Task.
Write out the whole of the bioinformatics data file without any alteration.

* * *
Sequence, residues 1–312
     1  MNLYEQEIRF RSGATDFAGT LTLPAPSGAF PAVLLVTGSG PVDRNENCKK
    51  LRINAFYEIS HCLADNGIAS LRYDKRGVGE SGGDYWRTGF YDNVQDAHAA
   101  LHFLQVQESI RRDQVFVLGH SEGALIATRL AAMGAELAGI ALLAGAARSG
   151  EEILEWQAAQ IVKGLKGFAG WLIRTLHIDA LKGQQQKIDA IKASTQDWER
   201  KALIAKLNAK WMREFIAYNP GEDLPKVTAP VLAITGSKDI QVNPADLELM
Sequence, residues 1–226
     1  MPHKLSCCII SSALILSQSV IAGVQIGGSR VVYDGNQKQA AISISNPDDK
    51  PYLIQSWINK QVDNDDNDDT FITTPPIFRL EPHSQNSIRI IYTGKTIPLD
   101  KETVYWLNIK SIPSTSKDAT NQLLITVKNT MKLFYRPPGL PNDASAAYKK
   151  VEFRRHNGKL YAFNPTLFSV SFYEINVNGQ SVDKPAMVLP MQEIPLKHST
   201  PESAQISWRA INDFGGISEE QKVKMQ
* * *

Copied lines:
Sequence, residues 1–312
     1  MNLYEQEIRF RSGATDFAGT LTLPAPSGAF PAVLLVTGSG PVDRNENCKK
    51  LRINAFYEIS HCLADNGIAS LRYDKRGVGE SGGDYWRTGF YDNVQDAHAA
   101  LHFLQVQESI RRDQVFVLGH SEGALIATRL AAMGAELAGI ALLAGAARSG
   151  EEILEWQAAQ IVKGLKGFAG WLIRTLHIDA LKGQQQKIDA IKASTQDWER
   201  KALIAKLNAK WMREFIAYNP GEDLPKVTAP VLAITGSKDI QVNPADLELM
Sequence, residues 1–226
     1  MPHKLSCCII SSALILSQSV IAGVQIGGSR VVYDGNQKQA AISISNPDDK
    51  PYLIQSWINK QVDNDDNDDT FITTPPIFRL EPHSQNSIRI IYTGKTIPLD
   101  KETVYWLNIK SIPSTSKDAT NQLLITVKNT MKLFYRPPGL PNDASAAYKK
   151  VEFRRHNGKL YAFNPTLFSV SFYEINVNGQ SVDKPAMVLP MQEIPLKHST
   201  PESAQISWRA INDFGGISEE QKVKMQ